For £116, a bottle could be yours, or as I found £11.50 gets you a single measure. Give it a go but check the balance at the cash machine if your planning a heavy night on the Havana Club 15-year.

The Asian Express

29 Nov

Ready for the plate up. Five hundered salmon nigri please.Christmas is nearly hear and I was trekking through the Trafford Centre on an obligitory death march or ‘shopping trip’, whichever floats your boat. On the way, we decided to drop in to Selfridges for some Saturday shushi at Yo! Sushi. The sushi chain opened in 1997 in London to very favourable reviews, not only for good quality sushi but becasue who wouldn’t love a restaurant where your food moves round on a tiny conveyor belt. On a side note, I do sometimes wonder if they would have to close if that belt broke down. I’m not sure it would be the same to just have your sushi ‘handed’ to you.

Inari pocket is a sweet little treat

Regardless, we plowed through a mix of sushi and sashimi and other bits and pieces. The Inami Pockets were a great little start with rice and pickled radish surrounded by a fried soya bean roll (inami) which was sweet and sour in the right amounts. A spicy seafood udon soup had a great spicy tinge to the king prawns and squid cushioned on top of the thick udon noodles. The prawn katsu curry had the reliable comforting katsu curry sauce with fried prawn topped with tangy japanese pickle. From the sashimi menu we went with the classic salmon, which was a little on the bland side but more than made up for by the beef nigiri we had next. The crispy salmon skin ISO (inside out) roll was saltily good and a strong case for more use of salmon skin in dishes other than sushi. Before sushi fatigue set in, we made it to just one last dish of a crab hand roll and what a way to end. Tempura fried crab, rocket, more japanese pickle and a sweet chilli mayo wich proceeded to leak out onto my hand.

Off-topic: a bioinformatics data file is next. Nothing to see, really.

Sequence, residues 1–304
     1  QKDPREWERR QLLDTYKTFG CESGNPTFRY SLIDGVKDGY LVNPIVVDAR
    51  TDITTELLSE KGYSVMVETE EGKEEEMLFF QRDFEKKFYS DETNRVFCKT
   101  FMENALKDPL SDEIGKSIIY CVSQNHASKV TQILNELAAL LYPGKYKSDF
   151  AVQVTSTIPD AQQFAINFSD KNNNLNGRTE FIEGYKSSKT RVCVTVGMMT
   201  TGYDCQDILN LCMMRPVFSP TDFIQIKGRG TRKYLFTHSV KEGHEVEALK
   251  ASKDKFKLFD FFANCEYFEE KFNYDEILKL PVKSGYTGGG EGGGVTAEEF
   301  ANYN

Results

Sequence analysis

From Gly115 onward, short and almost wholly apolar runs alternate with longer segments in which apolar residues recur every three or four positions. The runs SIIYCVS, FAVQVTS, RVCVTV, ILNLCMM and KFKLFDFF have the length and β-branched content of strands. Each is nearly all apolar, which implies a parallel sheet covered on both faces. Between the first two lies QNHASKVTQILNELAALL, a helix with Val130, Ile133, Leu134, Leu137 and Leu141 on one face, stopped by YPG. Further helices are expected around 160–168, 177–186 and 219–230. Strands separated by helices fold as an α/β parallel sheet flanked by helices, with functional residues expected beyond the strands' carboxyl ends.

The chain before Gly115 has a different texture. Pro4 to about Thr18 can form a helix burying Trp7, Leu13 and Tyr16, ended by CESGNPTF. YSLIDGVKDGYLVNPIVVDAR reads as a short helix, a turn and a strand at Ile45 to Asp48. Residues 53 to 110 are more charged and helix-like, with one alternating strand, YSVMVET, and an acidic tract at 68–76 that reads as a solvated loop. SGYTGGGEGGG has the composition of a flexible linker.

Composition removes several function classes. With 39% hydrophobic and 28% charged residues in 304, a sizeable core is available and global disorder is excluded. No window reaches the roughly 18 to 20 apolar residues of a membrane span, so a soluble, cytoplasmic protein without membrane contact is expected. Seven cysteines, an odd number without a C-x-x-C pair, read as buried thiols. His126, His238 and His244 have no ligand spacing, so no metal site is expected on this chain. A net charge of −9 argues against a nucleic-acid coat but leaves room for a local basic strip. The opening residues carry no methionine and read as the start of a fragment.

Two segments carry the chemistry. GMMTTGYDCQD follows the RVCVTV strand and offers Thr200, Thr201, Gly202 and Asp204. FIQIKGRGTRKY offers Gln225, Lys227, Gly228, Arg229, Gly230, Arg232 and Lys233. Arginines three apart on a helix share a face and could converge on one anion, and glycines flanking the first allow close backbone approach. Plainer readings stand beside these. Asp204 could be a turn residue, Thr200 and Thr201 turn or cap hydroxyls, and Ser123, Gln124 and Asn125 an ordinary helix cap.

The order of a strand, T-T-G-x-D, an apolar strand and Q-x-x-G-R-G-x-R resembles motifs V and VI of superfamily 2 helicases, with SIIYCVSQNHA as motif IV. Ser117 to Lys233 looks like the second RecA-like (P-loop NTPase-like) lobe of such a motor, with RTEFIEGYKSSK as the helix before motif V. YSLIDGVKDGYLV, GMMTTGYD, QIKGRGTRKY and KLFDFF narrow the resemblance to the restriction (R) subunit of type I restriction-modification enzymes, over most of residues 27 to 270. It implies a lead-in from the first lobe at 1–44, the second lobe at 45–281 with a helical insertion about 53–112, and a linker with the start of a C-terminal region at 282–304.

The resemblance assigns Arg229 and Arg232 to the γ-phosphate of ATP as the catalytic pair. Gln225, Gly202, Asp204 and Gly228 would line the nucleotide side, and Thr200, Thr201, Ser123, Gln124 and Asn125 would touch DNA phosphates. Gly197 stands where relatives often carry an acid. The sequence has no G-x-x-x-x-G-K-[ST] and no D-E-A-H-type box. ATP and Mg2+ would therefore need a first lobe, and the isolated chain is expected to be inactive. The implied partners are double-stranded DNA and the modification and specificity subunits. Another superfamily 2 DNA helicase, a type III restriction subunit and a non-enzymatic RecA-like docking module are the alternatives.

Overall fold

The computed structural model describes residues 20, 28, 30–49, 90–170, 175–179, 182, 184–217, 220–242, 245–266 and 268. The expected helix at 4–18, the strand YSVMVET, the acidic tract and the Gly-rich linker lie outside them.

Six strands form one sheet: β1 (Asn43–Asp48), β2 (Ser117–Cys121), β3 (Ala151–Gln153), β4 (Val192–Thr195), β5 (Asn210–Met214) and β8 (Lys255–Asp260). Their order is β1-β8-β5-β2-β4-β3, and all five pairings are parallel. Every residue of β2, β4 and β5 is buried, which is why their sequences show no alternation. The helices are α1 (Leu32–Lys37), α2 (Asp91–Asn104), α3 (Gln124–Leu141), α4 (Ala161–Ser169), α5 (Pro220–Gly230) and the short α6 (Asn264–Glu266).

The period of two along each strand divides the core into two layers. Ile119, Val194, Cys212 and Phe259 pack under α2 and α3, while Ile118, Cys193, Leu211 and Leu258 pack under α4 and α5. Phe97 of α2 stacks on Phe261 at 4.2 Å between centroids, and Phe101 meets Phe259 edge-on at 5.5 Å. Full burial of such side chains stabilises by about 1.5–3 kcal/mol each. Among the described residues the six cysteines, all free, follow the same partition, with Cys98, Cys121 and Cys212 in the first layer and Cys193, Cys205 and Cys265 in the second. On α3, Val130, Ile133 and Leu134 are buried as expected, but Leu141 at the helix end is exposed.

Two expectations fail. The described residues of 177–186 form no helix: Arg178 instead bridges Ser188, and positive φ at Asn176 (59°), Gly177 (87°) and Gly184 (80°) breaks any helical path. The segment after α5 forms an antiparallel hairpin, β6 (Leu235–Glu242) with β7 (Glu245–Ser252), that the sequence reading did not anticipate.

The higher end of noodle soup - Spicy Seafood Udon soup

The food is delicious and its one of the few restaurants where the food rotates more often than the customers your sat next to at the counter…

We didn’t stop there however as my sisters called and said they were coming down to do some shopping and would we like to get something to eat with them. ‘Could it be’ I thought. ‘Could I really be about to sample the forbidden delight of Double Dinner?’

So that happened a few hours later. This time we were in Tampopo sampling pan-asian cuisine. I hate that phrase ‘Pan-asian cuisine’ as it sounds strange in my brain, like the sound of a cat clearing its throat or listening to Enya. Its not wrong, just weird. Given that we’d already eaten, we went for a Tampopo Platter to Share. To cut down on the explination time, here’s what’s on the platter Goi Cuon (Vietnamese spring rolls), Gyoza (Dumplings), Bulgogi (mmm…beef), Coconut Prawns, Satay Chicken & Tod Man Khao Pod (sweetcorn cakes. The mix was amazing, six mixed starters and six sauces. I loved this dish more than I thought I would. The up-market, street restaurant style has a strange mix of trendy and traditional; the plush cushions on wooden benches is the best example of this. The decor was secondry though as this platter disappeared in about four minutes flat. Not bad from two people having their second dinner of the night.

The Tampopo Sharing platter - drink it in

 

Double dinner took us across the Asian continent. Now all I need is a balti and I’ve got a full house. Next time: Triple Dinner?!?